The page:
Findings from a double-blind, randomised, placebo-controlled trial identifies these health benefits in middle-aged adults aged 40–65, who took a hydrolysed chicken collagen type II supplement (AVC-H2) compared to an identical placebo.
“Findings of this study show that AVC-H2 is effective in reducing joint pain and stiffness, and in improving mobility,” the team from The George Washington University states.
“We also observed that it is a safe nutra-pharmaceutical for use by adults suffering from arthritis and other joint discomfort.”
The research team began enrolling adults aged 40–65 (65.5% women) who had joint discomfort. They were then randomised to receive either the HCII supplement (n = 47) or a placebo (n = 43) for eight weeks.
At the trial’s start, week 4 and week 8, the team administered a survey (Western Ontario and McMaster Universities Arthritis Index (WOMAC)) assessing wrist-related issues and joint-related symptoms.
The survey revealed the HCII group had a significant reduction in joint-related discomforts compared with the placebo group.
For example, at week 4, the HCII group had a 36.9% reduction in the overall survey score, compared with a 14.3% reduction in the placebo group.
In week 8, the experimental group saw a survey score reduction of 48.6%, while the placebo group experienced a decrease of 31%.
“To our knowledge, this study is the first to assess the effect of HCII on joint discomfort among adults not utilising any pain medication.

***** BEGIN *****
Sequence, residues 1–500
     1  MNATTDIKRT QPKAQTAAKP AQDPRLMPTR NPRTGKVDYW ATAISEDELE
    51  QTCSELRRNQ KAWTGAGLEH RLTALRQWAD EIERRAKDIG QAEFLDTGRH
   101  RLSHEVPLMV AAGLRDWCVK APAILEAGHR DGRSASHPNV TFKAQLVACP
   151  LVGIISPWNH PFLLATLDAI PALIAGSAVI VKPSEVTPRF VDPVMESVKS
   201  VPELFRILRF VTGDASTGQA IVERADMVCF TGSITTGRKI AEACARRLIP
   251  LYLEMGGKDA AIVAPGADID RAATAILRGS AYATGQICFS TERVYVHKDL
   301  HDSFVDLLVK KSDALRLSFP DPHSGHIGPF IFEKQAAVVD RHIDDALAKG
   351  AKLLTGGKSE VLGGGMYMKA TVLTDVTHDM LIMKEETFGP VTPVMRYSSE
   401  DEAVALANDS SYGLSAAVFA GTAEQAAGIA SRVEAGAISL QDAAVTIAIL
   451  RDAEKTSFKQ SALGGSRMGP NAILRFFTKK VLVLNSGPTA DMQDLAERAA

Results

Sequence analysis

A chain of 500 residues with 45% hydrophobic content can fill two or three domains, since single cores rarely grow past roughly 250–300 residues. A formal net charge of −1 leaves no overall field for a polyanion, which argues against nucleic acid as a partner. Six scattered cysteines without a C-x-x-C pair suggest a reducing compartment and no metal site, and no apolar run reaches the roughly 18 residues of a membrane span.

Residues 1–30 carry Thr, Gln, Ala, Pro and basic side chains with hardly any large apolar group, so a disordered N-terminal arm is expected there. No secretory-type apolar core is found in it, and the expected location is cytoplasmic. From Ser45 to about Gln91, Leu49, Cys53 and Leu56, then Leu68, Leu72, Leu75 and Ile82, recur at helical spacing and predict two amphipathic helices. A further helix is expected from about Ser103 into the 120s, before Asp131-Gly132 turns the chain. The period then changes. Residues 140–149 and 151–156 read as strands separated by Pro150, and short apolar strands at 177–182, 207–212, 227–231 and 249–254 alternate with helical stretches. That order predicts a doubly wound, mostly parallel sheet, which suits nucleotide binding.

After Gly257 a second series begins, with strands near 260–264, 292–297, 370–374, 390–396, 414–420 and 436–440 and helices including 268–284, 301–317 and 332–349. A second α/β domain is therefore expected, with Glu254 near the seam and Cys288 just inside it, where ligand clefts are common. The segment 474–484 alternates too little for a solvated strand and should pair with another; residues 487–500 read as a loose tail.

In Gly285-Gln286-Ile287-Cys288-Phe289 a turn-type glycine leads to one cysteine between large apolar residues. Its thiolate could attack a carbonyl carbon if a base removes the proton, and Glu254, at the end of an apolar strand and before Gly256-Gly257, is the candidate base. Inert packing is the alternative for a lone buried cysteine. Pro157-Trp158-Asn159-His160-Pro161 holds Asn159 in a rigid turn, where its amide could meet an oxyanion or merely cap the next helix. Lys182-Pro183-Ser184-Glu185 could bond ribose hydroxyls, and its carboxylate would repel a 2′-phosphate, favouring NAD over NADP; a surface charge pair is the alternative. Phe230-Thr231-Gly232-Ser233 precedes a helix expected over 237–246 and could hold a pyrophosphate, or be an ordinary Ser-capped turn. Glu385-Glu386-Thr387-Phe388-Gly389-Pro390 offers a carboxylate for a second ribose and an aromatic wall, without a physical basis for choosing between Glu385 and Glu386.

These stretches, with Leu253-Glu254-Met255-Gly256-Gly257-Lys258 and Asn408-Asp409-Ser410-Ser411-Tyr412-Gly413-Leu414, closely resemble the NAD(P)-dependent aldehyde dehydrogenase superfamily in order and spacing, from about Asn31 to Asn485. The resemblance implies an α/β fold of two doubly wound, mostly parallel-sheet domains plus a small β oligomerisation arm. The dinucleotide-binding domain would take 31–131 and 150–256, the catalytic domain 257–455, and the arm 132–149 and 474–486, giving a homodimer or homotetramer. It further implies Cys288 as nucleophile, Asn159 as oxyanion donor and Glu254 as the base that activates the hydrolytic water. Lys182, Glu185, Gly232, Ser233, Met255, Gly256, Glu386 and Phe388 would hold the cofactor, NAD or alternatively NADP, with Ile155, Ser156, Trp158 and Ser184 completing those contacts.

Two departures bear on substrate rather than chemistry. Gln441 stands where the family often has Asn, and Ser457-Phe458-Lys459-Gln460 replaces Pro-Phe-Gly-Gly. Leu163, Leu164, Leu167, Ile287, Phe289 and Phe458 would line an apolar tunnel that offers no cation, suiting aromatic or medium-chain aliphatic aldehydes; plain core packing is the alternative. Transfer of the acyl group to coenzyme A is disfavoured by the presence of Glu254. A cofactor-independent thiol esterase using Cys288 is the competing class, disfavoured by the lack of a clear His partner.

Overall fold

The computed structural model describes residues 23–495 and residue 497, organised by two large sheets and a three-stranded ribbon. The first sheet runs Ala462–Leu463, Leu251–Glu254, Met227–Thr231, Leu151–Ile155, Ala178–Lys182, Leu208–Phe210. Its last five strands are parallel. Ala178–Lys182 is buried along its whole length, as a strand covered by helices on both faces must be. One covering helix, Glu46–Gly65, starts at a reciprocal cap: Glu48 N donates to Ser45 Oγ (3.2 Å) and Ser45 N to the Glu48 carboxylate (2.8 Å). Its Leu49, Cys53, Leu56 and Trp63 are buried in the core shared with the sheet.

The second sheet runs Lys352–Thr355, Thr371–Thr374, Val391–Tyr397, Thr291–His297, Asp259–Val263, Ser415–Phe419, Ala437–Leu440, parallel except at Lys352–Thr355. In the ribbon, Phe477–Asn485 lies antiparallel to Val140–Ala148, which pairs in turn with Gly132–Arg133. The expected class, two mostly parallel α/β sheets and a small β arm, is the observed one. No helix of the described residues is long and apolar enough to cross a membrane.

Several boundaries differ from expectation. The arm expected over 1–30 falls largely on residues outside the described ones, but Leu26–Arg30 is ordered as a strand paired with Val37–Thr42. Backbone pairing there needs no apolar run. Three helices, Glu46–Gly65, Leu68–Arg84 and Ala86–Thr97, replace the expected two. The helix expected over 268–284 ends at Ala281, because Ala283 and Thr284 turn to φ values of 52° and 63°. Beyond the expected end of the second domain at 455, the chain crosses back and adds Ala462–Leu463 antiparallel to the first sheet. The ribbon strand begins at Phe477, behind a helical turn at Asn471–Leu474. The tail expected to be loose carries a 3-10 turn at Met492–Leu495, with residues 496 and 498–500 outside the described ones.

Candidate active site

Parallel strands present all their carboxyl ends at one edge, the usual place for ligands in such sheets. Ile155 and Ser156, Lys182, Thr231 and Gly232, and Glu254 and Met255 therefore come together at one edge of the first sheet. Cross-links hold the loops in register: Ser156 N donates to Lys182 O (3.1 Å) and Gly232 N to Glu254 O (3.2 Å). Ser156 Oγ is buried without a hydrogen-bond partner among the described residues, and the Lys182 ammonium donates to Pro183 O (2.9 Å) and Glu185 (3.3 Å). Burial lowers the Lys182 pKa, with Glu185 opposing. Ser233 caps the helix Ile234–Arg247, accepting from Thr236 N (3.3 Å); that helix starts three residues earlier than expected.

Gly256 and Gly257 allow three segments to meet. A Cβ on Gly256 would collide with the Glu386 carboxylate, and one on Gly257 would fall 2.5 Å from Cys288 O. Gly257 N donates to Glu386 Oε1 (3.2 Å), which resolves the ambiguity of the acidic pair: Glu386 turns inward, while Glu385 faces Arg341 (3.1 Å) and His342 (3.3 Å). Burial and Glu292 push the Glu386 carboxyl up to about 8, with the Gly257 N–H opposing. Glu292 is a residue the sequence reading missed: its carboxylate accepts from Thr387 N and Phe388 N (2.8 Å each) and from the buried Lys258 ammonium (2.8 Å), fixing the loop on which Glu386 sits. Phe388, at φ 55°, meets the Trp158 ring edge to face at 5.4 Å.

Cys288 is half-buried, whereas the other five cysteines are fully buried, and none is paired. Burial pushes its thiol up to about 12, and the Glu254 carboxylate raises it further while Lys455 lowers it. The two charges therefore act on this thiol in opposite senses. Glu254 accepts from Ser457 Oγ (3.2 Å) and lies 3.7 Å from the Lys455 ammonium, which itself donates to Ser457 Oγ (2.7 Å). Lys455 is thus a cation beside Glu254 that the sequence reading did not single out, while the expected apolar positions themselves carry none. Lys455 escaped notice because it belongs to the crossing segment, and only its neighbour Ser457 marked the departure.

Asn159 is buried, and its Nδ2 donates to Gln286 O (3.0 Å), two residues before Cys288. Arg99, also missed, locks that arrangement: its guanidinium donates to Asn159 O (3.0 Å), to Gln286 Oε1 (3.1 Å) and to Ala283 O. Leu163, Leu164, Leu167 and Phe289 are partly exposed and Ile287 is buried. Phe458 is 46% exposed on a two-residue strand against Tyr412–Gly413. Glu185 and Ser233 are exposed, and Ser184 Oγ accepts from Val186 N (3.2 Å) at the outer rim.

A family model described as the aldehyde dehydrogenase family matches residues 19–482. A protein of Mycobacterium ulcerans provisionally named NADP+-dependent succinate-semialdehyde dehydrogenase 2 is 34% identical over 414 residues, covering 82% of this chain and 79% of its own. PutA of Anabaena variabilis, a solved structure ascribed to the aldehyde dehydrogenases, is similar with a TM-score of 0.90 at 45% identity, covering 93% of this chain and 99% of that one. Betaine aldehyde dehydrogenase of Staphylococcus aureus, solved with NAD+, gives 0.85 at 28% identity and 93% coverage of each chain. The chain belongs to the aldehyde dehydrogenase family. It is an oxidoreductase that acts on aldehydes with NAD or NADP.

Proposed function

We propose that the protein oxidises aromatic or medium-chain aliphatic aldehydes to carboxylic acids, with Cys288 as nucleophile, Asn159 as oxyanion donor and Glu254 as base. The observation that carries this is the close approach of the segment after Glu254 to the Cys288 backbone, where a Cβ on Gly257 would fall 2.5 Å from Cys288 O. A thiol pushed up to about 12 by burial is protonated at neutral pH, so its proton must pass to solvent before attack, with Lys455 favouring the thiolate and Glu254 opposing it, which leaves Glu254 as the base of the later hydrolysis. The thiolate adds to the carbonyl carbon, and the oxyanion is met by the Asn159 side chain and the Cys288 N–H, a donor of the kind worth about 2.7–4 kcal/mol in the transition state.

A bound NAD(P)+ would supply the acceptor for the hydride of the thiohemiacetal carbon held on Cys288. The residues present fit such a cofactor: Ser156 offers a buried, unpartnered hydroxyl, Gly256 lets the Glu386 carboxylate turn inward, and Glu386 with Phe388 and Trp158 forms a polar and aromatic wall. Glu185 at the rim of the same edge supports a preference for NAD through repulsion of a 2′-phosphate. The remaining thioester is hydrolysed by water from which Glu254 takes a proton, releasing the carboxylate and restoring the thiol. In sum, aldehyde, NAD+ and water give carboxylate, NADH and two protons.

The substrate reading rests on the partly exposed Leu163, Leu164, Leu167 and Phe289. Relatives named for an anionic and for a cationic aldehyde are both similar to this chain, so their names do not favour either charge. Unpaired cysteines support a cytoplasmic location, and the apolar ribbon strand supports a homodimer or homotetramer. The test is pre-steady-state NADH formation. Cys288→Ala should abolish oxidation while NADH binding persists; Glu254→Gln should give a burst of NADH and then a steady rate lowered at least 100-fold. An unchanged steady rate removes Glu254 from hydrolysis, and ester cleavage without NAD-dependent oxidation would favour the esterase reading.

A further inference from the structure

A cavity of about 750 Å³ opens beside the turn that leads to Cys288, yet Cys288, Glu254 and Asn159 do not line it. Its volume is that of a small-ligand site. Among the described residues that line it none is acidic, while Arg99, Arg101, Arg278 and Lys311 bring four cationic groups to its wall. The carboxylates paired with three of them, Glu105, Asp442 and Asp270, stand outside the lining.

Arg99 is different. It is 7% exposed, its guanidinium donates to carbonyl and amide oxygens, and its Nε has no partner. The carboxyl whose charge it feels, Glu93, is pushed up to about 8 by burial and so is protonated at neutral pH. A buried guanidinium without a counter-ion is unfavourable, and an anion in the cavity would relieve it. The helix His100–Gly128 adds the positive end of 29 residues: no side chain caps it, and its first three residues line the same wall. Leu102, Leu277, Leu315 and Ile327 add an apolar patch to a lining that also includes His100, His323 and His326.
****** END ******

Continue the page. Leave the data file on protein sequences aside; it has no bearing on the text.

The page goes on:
“This distinction is important because NSAIDs, analgesics, or other supplements could confound the effect of HCII on joint function and pain,” the paper states.
“Hydrolysed collagen is absorbed intestinally, accumulates in the cartilage, and stimulates the regeneration of chondrocytes.
“That is, AVC-H2 is suspected to target the underlying pathology of joint stiffness. Joint pain, a potential symptom of cartilage degradation, is thus addressed by the hydrolysed collagen type II supplement,” the team suggests.
Around 50% of all protein in the body’s joint cartilage is type II collagen. Orally administered hydrolysed collagen likely to be absorbed intestinally, stimulating chondrocytes to produce type II collagen.
Some scientists therefore suggest that hydrolysed collagen type II (HCII) may have the potential to repair or regenerate deteriorating collagen.
In a review of the studies examining collagen hydrolysate for the treatment of OA and other joint disorders, one study described a German trial of 100 participants who suffered from hip, knee, and shoulder pain resulting from intense physical activity.
When given 10 grams (g) of hydrolysed collagen daily for 12 weeks, 78% of the participants reported reduced pain; however, the study failed to provide sufficient details regarding the statistical analysis.
In discussing the study findings, the team highlighted methodology limitations, which included the relatively small sample size and the study duration of eight weeks.
The team also says assessing additional clinical measures was needed, rather than relying on self-reported data, in order to provide a better understanding of AVC-H2 effects on overall joint discomfort.
These measures include but are not limited to additional wrist measures and the assessment of other joint functions, such as the shoulder or ankle.
“We may not have been able to capture sub-clinical changes in terms of inflammatory and pathophysiological progression of joint functions,” the paper adds.
“Future studies should include relevant biomarkers (such as interleukin−6, C-reactive protein, and other sensitive inflammation markers) to investigate any potential biochemical disturbances.”
Published online: doi.org/10.3390/nu13072454
“A Double-Blind, Randomized, Placebo-Controlled Trial to Evaluate the Efficacy of a Hydrolyzed Chicken Collagen Type II Supplement in Alleviating Joint Discomfort.”
Authors: Anaam Mohammed and Siran He